By Katie Wise, Childbirth Educator, Doula, and Prenatal Yoga Instructor at Yo Mama Yoga Studio in Boulder, CO
You’re staring over your alarmingly increasing baby bump, and your mom asks you “what can I do to help you after baby arrives?” then a co-worker says “you let me know if there’s anything we can do,” and a friend pipes up randomly “hey having a baby is tough- can I bring you guys something?” What do you say? Well- the first response is usually “Oh, that’s okay, I’m sure we’ll be fine”
Insert gameshow buzzer noise here: Ehnnnnnn.
Everyone knows that old phrase “it takes a village to raise a child.” We all say it, it’s on bumper stickers, and on some level we feel it’s truth. But our increasingly technological, decreasingly personal lives, with no-proximity to actual family, and friends with grown babies or no babies yet- the village can be pretty clueless. Things like Facebook can cultivate a false sense of community- but a bunch of comments on your status update are not going to help feed your baby at 2am. We have people ready to jump in- what we don’t know is how to train our village to truly help.
In this three-part series- I’m going to give you three steps- which will take your postpartum period from ‘hey where’s the freakin village?’ to ‘man, I didn’t know this many people really loved me!”
- Part One- Train Yourself First: How to open yourself up to receiving support from your village
- Part Two- Gather the needs and the peeps What to ask for and who to ask
- Part Three- Set it up right How to train your village in how best to support you after baby comes, and keep the expectations clear for their support.
Enjoy and welcome to your village!
Train Yourself First
In order to let the village help us raise our baby, and be more sane, present and happy in our postpartum period, we have to let go of the idea that we can do it all ourselves. I’m not sure where this fiercely independent thing comes from, but it’s got to go. First take a look at the shirt you are wearing- did you sew it yourself? What about the shoes on your feet? And the food you ate for lunch- even if you cooked it yourself- did you grow it? harvest it? Plant it last spring? I’m guessing not. Likely the roof over your head, Kleenex you’re going to blow your nose on, skivvies on your pregnant heinie, and the digital device you are reading this on were designed, built and created by someone else. So you’re already in a village- let’s just decide that interdependent is way cooler than independent.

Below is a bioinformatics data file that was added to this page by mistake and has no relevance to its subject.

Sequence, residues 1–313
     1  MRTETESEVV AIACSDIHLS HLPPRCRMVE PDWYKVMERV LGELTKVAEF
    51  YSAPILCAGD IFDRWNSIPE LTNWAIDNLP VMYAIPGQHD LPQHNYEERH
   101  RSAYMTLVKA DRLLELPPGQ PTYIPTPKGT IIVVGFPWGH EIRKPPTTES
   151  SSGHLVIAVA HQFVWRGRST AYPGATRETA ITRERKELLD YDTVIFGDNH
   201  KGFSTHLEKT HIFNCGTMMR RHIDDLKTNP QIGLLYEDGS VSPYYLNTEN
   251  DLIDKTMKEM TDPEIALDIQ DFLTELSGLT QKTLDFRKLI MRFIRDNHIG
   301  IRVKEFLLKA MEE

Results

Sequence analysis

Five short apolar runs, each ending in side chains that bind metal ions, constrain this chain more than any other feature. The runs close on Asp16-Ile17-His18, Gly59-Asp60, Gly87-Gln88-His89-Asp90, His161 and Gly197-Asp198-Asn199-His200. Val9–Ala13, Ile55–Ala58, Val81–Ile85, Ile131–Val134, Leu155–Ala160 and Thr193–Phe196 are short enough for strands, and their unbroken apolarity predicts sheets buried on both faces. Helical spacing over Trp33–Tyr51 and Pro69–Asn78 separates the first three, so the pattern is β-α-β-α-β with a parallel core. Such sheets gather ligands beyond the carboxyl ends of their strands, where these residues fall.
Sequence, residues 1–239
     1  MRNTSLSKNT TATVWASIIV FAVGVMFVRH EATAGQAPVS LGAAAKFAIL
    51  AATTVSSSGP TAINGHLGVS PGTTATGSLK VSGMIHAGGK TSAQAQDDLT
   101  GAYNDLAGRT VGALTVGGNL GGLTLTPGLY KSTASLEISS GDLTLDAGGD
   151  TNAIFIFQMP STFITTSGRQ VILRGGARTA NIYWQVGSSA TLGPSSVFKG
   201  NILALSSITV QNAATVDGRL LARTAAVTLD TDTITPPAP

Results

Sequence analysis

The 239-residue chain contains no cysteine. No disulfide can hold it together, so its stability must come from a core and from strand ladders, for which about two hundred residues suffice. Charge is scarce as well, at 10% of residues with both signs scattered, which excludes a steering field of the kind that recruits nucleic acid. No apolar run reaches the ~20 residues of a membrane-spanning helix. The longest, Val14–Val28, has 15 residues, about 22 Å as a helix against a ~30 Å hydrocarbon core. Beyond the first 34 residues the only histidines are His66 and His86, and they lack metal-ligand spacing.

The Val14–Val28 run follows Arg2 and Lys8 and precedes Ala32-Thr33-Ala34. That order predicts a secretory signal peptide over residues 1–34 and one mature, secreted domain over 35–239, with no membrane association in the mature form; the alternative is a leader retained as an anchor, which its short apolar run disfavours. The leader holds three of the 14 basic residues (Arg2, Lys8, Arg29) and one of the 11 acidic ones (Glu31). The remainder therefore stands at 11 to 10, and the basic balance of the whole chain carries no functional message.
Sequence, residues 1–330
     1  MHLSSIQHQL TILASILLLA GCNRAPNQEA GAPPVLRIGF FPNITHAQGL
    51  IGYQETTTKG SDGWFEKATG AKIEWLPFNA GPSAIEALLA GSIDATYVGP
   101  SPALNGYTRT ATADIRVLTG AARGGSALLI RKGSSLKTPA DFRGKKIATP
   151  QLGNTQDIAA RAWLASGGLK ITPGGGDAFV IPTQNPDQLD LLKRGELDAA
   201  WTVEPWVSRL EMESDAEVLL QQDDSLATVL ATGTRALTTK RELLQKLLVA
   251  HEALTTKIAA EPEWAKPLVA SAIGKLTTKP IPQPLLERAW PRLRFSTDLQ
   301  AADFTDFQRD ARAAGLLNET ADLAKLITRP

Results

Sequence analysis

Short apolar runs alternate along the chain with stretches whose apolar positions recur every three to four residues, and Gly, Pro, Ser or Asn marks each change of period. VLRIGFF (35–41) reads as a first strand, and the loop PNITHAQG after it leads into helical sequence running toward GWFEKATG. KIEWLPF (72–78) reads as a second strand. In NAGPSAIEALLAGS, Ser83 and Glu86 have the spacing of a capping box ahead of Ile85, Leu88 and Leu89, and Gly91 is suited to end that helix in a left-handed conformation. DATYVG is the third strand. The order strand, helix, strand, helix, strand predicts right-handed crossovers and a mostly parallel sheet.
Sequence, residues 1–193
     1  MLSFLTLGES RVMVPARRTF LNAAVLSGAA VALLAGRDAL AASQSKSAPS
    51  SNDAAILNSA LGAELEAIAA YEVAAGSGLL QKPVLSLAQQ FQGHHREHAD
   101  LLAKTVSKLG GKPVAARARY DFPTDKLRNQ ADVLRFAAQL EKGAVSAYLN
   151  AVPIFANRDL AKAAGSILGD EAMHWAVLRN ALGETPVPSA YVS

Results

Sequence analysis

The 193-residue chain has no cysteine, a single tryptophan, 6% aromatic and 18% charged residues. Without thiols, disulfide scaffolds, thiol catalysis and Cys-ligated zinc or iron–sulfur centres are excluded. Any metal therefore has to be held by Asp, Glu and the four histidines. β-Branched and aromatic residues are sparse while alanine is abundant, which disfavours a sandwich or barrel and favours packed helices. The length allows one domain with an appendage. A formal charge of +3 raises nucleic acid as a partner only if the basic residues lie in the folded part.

I know it sounds simple, but if you are a perfectionist- or used to being in control- this can be hard. How do I let someone else vacuum my house if they are 100% guaranteed to do it wrong? How do I receive food from someone else when I’m gluten free, dairy free and partially paleo except for I love butter?
So I’m going to introduce you to one of my favorite phrases these days: “good ‘nuff.” I saw it on a road in New Mexico, and it’s stayed with me ever since. My husband and I use it when one of us is getting too fussy about some decision or detail- in our imperfect life with two little kids. And then one of us will chime in with “good ‘nuff.” Good ‘nuff dinner. Good ‘nuff nanny. Good ‘nuff blog post. Whatever it is. It’s good ‘nuff. So when it comes to the village- let go, they won’t do it exactly like you- and that’s usually a blessing. Whatever they do, it’s good ‘nuff.
Once you let go of the idea of doing it all yourself, then you need to train yourself to ask. You are not a burden. Look at where you got the idea that you are too much- that your needs are too heavy, that somehow others can ask for help but you can’t. For some, it may be helpful to use a therapist or coach to get past any blocks you might have in learning to receive. This is not just about you, either. It is about your baby, and you getting the help and support you need will allow you to fully love and nurture this little baby.
Your baby is a gift- and anyone that comes in proximity of that gift has received something completely special from you. You may not understand this until you are on the other side. When I bring a meal to a new family- even if I drop it off in a cooler on the porch, or talk to the Dad for 15 minutes while mama and baby are upstairs resting, I feel like I’m in the proximity of something sacred. If I actually get to see/hold/smell the sweet head of a newborn… nirvana. So it is a gift to let others support you in this time. I promise- we want to.
Take a few minutes each day to focus on your breath, and place your hand on your belly. Dream into those first days meeting, holding, feeding your little baby. Imagine having all the support you need so that you feel like you are not only surviving but truly thriving during this time. Start to imagine what those needs might be, and who might be there to meet them. And stay tuned for the next installment: "Gathering the Troops."
Katie Wise believes that women's bodies have the wisdom to give birth, and her role as a doula is to help uncover and foster that instinct and faith. She currently serves families in the Boulder area through her doula practice, The Boulder Doula Circle, and mentors and trains new doulas. Katie also is the owner of Yo mama Yoga Studio, and loves creating communities for women in the childbearing years. She believes that birth itself is a divine teacher, showing women their strength, and the beauty of surrender. Katie has served at over 200 births, and her doula work was featured on NPR. She is also the creator of Yo Mama's Signature Birth Class, Inspired Birth, and her very own Hypnosis program for labor and birth, Hypnomama. Katie is a Boulder native and is thrilled to bring her work back to her home town. She and her husband enjoy their family of four in Lafayette, CO. For more on Katie's story and thoughts on motherhood, you can view Katie's personal blog here.